When it comes to selling houses, a picture really is worth a thousand words. With more buyers searching online than ever before, great photos will not only make your listing stand out but it will encourage potential buyers to arrange a viewing.
Photography has become an essential tool in marketing a property and a collection of professional photos will catch the eye of house-hunters instantly.
Here we set out everything you need to know to get you started on the path to taking the perfect pics.
Invest in some equipment
To be the best you don’t necessarily have to have the best. However, it is worth investing a reasonable amount of money in kit that’s up to the job if you’re going to be regularly taking photos of the properties you’re selling, as the pay-back will be worth it. It may be tempting to use your iPhone to take photos, but try to resist. A mobile phone camera won’t cut it if you are looking for professional shots as the lenses on phone cameras are not of the same optical quality and usually the focal length is not wide enough to capture the entire room.
The sensor size on mobile phones is also tiny compared to a dedicated digital camera, due to the constraints of cramming so much technology into something which is so physically small. This is bad news if you want high quality photos, particularly in low light conditions.
Bigger sensors such as those found on an APS-C or 35mm DSLR cameras are able to capture more light, more detail, and greater dynamic range. Bigger sensors also mean less noise (the artifacts that look like fuzzy pixels, speckles or graininess – this is more noticeable in the shadow areas of an image, when you take a photo on a mobile phone in low light conditions).
Whilst megapixels aren’t the be-all-and-end-all when looking for a good camera, as a general rule, for photographing property, a DSLR camera with at least 10 megapixels will allow you to take much higher quality photos and get the most from each shot.
Turning the camera 180 degrees to get an “edgy” shot will not help sell a home. Make sure your vertical lines are vertical and your horizontal lines are horizontal, this will eliminate wonky pictures. Many of the current crop of cameras have a built-in virtual horizon feature - if your camera has one, make sure you use it to achieve a perfectly straight shot.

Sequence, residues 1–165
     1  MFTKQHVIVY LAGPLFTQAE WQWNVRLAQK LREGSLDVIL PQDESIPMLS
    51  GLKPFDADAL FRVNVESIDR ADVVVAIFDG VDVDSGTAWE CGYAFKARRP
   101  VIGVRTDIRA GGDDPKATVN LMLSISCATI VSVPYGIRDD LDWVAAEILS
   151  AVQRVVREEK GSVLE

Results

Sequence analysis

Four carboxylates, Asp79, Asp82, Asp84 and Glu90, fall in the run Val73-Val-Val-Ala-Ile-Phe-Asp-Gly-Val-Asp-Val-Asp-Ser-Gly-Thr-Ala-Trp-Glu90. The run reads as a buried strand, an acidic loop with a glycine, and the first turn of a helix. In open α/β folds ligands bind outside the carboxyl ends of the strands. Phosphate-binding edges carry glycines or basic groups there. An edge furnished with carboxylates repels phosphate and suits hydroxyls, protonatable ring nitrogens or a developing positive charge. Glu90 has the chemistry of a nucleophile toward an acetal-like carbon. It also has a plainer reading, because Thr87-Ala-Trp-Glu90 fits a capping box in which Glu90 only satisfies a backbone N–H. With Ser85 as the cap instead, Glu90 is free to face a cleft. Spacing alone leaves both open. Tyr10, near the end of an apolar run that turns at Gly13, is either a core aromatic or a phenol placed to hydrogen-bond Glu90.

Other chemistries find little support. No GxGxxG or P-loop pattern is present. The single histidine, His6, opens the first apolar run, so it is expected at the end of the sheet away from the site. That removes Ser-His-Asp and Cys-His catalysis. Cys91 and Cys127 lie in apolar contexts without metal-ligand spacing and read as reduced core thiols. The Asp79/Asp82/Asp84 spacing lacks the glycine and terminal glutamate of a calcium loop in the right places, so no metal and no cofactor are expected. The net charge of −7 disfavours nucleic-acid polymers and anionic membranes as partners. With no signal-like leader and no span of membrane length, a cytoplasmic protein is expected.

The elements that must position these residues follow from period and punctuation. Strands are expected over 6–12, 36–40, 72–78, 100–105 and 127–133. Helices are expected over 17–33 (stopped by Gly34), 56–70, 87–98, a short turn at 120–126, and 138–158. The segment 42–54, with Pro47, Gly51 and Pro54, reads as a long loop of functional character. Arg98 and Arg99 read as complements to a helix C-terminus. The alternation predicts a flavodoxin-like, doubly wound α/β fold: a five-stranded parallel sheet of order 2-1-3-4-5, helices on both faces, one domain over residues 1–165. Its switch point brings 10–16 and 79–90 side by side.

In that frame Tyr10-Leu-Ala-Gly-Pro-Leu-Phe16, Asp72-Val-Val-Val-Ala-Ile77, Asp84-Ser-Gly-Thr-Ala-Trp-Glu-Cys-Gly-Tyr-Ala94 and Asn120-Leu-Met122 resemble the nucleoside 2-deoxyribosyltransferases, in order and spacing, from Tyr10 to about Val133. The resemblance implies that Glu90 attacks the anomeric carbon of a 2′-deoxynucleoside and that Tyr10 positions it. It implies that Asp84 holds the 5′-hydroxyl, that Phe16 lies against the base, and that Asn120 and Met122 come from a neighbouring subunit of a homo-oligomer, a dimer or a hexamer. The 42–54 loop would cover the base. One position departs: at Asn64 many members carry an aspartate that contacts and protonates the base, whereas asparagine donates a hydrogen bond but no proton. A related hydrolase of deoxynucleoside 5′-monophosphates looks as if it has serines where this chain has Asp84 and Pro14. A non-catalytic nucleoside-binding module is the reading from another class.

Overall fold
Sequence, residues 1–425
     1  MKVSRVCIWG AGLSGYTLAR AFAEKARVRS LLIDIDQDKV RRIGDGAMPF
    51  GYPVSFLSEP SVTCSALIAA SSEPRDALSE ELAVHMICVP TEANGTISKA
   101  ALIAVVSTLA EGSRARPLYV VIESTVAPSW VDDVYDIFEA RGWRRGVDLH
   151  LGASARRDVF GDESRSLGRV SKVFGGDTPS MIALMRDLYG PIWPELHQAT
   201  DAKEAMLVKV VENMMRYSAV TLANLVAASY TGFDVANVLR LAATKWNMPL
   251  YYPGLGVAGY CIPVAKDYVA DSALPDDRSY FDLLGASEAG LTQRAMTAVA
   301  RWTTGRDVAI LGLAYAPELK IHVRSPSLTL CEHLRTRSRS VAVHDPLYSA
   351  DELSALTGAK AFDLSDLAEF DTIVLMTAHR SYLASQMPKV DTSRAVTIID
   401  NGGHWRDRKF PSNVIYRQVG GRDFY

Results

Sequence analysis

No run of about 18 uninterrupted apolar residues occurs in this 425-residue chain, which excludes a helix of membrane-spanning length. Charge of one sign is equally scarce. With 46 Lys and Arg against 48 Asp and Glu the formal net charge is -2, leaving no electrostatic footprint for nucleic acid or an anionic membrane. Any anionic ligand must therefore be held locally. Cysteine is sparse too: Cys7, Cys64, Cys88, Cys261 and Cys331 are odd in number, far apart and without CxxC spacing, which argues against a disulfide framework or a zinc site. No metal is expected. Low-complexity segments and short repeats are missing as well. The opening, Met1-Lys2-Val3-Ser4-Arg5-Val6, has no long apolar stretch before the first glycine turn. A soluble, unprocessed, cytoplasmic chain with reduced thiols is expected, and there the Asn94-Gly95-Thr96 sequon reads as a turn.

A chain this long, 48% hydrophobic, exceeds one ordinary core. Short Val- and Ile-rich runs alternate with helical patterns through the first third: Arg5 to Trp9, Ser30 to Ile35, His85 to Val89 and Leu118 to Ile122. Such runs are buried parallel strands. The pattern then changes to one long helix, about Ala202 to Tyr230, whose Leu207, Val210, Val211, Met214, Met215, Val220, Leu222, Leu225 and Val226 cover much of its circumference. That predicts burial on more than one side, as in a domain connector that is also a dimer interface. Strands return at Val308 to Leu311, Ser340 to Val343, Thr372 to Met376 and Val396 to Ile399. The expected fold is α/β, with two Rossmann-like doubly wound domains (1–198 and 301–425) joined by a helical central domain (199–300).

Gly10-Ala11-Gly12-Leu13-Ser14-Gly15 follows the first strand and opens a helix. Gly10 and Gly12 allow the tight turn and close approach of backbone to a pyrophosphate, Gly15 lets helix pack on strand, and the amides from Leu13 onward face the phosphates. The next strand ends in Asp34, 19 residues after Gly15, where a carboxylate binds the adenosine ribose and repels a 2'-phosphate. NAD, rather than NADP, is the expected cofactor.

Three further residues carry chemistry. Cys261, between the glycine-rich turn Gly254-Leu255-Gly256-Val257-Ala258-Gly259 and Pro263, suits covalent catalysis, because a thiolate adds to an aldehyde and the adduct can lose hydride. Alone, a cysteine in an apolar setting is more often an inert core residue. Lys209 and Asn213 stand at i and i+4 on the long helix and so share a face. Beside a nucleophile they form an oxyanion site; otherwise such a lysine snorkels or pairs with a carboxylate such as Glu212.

Find your optimum level to capture the perfect photo, this could be from a high, mid or low viewpoint depending on the space.
Use a tripod
Blurry pictures look unprofessional and are a big no-no. A tripod will give you stability and make pictures look clear and sharp. It will also mean that you can take the shot on a much lower ISO setting than if you were shooting hand-held (the lower the ISO, the better the image quality).
Take advantage of natural light
Open the curtains and turn on all the lights to make a room look bright and open. Try not to rely on the cameras flash as it creates shadows and will reflect off mirrors and windows. Unless you want to capture the views outside the property, it’s usually best to position yourself on the window side of the room looking inwards to make the most of the available light (obviously provided that it allows you to capture the features of the room that you need to capture).
For the novice, exterior photos should be taken on an overcast day so that the sun doesn’t create shadows over the house. It will also reduce the risk of glare and sun streaks in photos. If shooting in sunlight it’s better to shoot when the sun is behind you – it will help with exposure and you’ll also stand more chance of the sky looking blue! If you’re still finding that most of your exterior photos look washed out, consider investing in a polariser to add to your lens – it will help saturate colours and minimise glare and sun streaks.
Photographing high-end property where the garden/grounds are a real selling point
Advanced tip: If it’s important to show the interior of a room and the garden/grounds in the one shot, then you need to consider investing in a higher level DSLR together which has the facility to use off-camera flashguns/speedlights. By doing this you can ensure that both inside and out are exposed to perfection for that killer shot. Alternatively, you’d need to become very competent with photoshop (or similar software) and learn how to blend multiple exposures post-shoot.
Symmetry is one of the oldest tricks in the book – it is aesthetically pleasing and will draw the eye in, making your images more engaging.
Times are a changing and proptech can be seen across the industry, from drones to virtual online tours – embrace it. Technology is designed to make your life easier, not to stress you out.
Drones are great for aerial shots of larger properties or those with sizeable gardens, showcasing a property from an alternative perspective. It will also position your company as an innovator within the market and offer greater online exposure.
Safety in numbers
You can never take too many photos. Before you leave the property, make sure you have all the pictures you need, this will save you from having to return. Double check that you are happy with your images before heading home.
Don’t fall at the last hurdle
Create a listing that is as good as your photos.
What we’ve covered here really is just the tip of the iceberg – a guide for novices if you will. To get the most out of your camera you need to invest time in learning how to use it – you can have the best camera going, but if you don’t know how to use it properly, you won’t see a big improvement in your photos. If time is short, consider employing a professional photographer to come in and give you and your staff a day’s training.